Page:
For those of you who bet on sporting events, you’re probably familiar with the 2018 legislation to regulate sports betting in the United States. The Professional and Amateur Sports Protection Act, or the “PASPA” for short, was signed into law on June 13, 2018. The law allows for the return of sports betting to the States, providing several exemptions for professional and collegiate sports activities and events.
One of the most significant provisions in the PASPA is the three-day waiting period before an individual can place a sports bet. In states where the three-day waiting period applies, gamblers would have to wait at least three days before being able to place a bet on a sporting event. The law also caps the amount a person can wager in one day at 2.5 times their preceding day’s payout.
While the three-day waiting period is relatively straightforward, understanding when it applies and doesn’t apply is a bit more complex. This article will provide you with a clear guide to the three-day waiting period and how to take advantage of it. We’ll also discuss how to avoid the three-day waiting period when it’s applicable, as well as when you might end up in front of a federal judge due to a misunderstanding of the law.
When Does The Three-Day Waiting Period Apply?
One of the significant problems that resulted from the 2018 US Supreme Court ruling in a case dealing with the New York City Football League (NYCFL) was that the three-day waiting period didn’t apply to internet or offshore sportsbooks. In that case, NYCFL v. New York, the Supreme Court ruled that an online sportsbook constituted “cyberspace,” and that a state or federal law specifically regulating sportsbooks didn’t apply in cyberspace.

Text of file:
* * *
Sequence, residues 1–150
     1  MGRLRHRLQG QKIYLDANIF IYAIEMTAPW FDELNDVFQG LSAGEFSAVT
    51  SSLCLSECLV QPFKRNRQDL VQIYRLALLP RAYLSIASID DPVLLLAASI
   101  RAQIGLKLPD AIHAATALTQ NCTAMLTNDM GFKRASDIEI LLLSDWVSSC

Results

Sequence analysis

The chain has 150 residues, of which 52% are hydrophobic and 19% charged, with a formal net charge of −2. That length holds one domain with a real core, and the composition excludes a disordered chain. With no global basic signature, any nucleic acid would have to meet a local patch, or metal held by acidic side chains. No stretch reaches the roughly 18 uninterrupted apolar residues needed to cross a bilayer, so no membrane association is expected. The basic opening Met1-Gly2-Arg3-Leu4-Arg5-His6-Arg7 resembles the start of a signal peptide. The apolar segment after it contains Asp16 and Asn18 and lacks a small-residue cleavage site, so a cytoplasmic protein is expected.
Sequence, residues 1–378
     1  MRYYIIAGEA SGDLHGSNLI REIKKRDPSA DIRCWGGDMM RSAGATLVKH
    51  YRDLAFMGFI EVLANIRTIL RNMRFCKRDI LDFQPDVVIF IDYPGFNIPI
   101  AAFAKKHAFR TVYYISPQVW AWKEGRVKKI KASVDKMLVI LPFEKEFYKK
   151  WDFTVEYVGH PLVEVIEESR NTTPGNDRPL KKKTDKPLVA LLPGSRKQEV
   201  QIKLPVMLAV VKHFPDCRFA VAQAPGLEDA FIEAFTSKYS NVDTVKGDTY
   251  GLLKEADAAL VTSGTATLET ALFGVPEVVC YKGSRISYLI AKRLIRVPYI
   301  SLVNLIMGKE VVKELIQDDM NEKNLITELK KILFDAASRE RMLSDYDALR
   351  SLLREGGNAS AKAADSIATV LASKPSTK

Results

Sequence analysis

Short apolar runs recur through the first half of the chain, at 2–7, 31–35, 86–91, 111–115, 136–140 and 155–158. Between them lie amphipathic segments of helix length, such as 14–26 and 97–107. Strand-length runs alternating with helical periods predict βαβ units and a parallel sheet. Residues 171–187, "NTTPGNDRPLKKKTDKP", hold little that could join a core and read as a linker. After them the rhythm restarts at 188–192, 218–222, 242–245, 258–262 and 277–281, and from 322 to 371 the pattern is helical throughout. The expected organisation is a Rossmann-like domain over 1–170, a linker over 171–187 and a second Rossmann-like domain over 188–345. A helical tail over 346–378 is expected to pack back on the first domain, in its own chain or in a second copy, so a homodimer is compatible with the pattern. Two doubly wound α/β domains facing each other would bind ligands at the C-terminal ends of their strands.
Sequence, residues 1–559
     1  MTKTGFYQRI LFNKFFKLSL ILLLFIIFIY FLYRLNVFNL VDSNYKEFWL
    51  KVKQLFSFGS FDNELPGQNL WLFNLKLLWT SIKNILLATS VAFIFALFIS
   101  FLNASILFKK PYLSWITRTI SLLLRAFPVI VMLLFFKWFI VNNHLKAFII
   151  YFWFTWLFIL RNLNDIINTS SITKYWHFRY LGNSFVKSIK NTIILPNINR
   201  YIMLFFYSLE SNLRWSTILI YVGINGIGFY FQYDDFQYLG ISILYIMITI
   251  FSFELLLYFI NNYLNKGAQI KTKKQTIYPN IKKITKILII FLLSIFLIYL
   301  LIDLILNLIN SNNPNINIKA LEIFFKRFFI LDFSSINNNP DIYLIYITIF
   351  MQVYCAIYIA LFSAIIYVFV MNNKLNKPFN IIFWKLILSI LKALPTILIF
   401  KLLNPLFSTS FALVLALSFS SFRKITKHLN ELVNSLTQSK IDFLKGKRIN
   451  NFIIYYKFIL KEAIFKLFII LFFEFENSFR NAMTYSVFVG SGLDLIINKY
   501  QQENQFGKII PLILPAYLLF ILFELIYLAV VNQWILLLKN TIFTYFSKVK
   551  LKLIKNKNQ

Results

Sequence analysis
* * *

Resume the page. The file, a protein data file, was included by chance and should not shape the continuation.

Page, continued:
The result of that Supreme Court ruling is that many sportsbooks, including some state-licensed ones, are now accessible to all online and international bettors. For a more detailed discussion of this case and how it affects offshore sportsbooks and bettors, read our guide to the ruling and its consequences. You can also find some of our best UK sportsbook offers here.
Does The Three-Day Waiting Period Apply To Land-Based Sportsbooks?
According to the ruling, the three-day waiting period does not apply to land-based sportsbooks, such as those found at casino resorts or horse-racing tracks. These types of sportsbooks are usually licensed and regulated by the individual states or territories where they’re located, so they fall under the purview of state and local law. That means that in most instances, online and international bettors can place bets at land-based sportsbooks without the need for a three-day waiting period.
When Can You No Longer Wait To Place A Sports Bet?
If you’re in one of the states or territories where the three-day waiting period applies, you have to wait three days before you can legally place a sports bet. There are exceptions to the rule, such as when you’re physically located outside of the state or territory and you call the place where the sporting event is being played to place the bet. In instances like this, it’s usually best to wait until you get to the sportsbook and place the bet in person.
When Might You End Up In Front Of A Federal Judge?
While the PASPA was passed with the intention of bringing sports betting back to the United States and preventing federal interference, there are instances where you might find yourself in front of a federal judge. This can happen when a state or federal prosecutor believes you’ve violated the terms of the PASPA or if the DOJ determines that a state where you operate exceeds its approved quota of sports betting.